DUBLIN (Reuters) - Tens of thousands of people marched in towns across Ireland on Saturday in a second day of mass protests against water charges, the biggest display of opposition to government austerity measures since the country’s banking crisis and bailout in 2010.
In a further blow to Prime Minister Enda Kenny, an opinion poll on Saturday showed his center-right Fine Gael party had slipped four percentage points behind left-wing Sinn Fein, the largest party opposing water charges.
Ireland emerged from its EU-IMF bailout last year and the economy is rebounding, with the government forecasting economic growth of close to 5 percent this year. But protesters said they were not seeing the benefits and austerity had hit the lower paid disproportionately hard.
“This isn’t just about the water, it’s about the last five years,” said Paul, a 55-year-old sign writer who said he had had to give up his car, his life insurance and his health insurance.
“I was thinking about buying a new pair of shoes this year. It’s come to that. Enough is enough,” he said. He did not give his second name to avoid attracting attention to his business.
Banners called on people not to pay the new charges, which are likely to cost the average household between 200 and 400 euros ($500) per year. Up to now water services have been financed by general taxation.
Marches took place in dozens of towns across Ireland. Over 20,000 people gathered at the largest protest, in the center of Dublin, which was dominated by grass-root local groups, rather than the mainstream opposition parties. State broadcaster RTE estimated 120,000 people protested across the country.
Water charges have dominated the Irish media for months, with almost daily revelations about high pay and bonuses for executives and new charges for consumers.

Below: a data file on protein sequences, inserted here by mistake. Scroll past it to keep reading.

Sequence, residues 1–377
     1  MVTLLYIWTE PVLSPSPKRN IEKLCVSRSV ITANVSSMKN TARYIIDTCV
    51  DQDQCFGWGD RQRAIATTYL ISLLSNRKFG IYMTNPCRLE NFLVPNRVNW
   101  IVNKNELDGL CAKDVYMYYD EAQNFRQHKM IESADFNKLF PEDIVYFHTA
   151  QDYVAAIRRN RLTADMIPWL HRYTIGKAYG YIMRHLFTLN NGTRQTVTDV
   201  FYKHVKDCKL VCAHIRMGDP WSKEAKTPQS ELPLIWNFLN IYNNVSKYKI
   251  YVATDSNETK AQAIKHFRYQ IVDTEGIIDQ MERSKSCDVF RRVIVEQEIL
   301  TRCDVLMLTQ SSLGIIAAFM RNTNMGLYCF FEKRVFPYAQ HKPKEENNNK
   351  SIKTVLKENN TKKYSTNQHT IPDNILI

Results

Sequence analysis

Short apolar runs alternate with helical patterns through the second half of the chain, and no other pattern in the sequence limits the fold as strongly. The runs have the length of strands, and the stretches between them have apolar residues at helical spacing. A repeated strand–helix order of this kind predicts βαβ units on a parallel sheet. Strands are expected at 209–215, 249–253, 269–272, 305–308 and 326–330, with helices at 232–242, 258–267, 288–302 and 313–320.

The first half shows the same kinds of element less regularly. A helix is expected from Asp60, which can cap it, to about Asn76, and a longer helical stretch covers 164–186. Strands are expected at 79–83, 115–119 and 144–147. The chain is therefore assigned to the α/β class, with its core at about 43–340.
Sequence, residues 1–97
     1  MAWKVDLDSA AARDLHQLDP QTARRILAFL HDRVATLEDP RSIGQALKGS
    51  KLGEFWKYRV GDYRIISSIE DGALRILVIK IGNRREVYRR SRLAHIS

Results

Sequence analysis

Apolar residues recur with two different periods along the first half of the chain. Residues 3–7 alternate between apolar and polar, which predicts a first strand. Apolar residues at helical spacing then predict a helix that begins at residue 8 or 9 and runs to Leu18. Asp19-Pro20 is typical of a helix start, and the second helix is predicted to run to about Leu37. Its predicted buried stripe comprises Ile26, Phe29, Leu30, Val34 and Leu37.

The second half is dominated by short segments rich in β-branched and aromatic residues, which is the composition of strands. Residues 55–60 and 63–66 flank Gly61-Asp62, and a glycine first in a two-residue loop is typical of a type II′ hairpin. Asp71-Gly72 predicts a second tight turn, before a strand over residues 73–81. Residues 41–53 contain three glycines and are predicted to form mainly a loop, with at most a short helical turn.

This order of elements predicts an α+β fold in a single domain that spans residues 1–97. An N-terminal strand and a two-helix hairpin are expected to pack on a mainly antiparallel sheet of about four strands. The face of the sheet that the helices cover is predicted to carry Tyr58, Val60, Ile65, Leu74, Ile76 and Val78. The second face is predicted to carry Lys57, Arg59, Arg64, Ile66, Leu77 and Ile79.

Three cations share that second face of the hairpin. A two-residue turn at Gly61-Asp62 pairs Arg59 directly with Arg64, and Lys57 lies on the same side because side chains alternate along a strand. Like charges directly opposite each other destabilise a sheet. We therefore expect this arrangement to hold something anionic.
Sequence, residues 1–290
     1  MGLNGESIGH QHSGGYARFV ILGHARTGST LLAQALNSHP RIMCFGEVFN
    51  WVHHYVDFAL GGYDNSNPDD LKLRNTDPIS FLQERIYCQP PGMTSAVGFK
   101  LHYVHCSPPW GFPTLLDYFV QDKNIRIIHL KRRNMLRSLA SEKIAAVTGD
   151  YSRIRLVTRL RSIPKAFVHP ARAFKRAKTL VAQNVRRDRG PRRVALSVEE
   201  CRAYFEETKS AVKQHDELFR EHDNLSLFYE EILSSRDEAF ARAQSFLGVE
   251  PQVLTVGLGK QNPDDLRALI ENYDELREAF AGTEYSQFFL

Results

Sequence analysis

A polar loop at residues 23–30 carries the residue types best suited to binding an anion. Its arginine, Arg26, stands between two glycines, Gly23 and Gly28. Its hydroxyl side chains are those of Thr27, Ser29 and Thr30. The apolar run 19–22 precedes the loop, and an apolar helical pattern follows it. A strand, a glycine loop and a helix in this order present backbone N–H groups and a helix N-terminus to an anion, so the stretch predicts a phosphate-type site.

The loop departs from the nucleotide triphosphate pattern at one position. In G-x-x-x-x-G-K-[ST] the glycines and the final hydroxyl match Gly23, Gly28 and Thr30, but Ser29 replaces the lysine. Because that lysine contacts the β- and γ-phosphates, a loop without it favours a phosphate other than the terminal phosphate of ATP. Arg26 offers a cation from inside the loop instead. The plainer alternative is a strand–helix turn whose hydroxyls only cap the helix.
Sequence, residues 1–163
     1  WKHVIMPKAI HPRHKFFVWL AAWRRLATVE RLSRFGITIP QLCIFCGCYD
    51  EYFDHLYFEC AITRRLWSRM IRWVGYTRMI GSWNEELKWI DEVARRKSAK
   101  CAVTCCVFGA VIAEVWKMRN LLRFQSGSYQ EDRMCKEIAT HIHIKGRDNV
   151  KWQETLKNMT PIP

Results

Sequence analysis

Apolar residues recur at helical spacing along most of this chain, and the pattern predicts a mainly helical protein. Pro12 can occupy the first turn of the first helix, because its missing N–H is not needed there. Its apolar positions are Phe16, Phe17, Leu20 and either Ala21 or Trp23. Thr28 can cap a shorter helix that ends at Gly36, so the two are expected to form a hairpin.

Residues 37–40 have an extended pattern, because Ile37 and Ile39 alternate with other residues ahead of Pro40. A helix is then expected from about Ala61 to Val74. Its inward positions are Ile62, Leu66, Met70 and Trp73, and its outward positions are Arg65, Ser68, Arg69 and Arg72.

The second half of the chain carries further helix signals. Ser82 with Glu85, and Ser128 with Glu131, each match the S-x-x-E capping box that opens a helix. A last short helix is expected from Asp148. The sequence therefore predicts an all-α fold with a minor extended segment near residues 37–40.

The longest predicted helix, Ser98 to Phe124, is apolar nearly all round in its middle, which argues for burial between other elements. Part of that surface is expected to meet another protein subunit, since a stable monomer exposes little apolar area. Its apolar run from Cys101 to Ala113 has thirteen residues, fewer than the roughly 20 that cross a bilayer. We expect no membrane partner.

The government, which agreed to introduce water charges under the EU-IMF bailout, has proposed some exemptions, but has not indicated it is considering reversing the charges.
“People have legitimate concerns about some aspects of this, government are listening,” Kenny told journalists after the protests. “Over the next number of weeks, we will set out what people really want to hear and that’s clarity and certainty about how much they pay.”
The surge in anti-government protests comes after years of relative calm in the face of far more stringent austerity measures in 2011 and 2012 and a bailout for banks that amounted to around a third of Irish gross domestic product.
“The curious thing is that it took so long, that something as trivial as setting up a proper water company seems to have been the straw that broke the camel’s back,” said Michael Marsh a professor of politics at Trinity College Dublin.
“Clearly there is a lot of public anger out there ... and the government need to get a handle on it.”
A Millward Brown poll for the Sunday Independent showed 22 percent would vote for Fine Gael at the next election, due in 18 months, compared with 26 percent for Sinn Fein. Just 7 percent would vote for junior coalition partner Labour, which political analyst Adrian Kavanagh estimated would give it two seats in the 166-seat lower chamber.
Reporting by Conor Humphries, additional reporting by Padraic Halpin; Editing by Raissa Kasolowsky, Larry King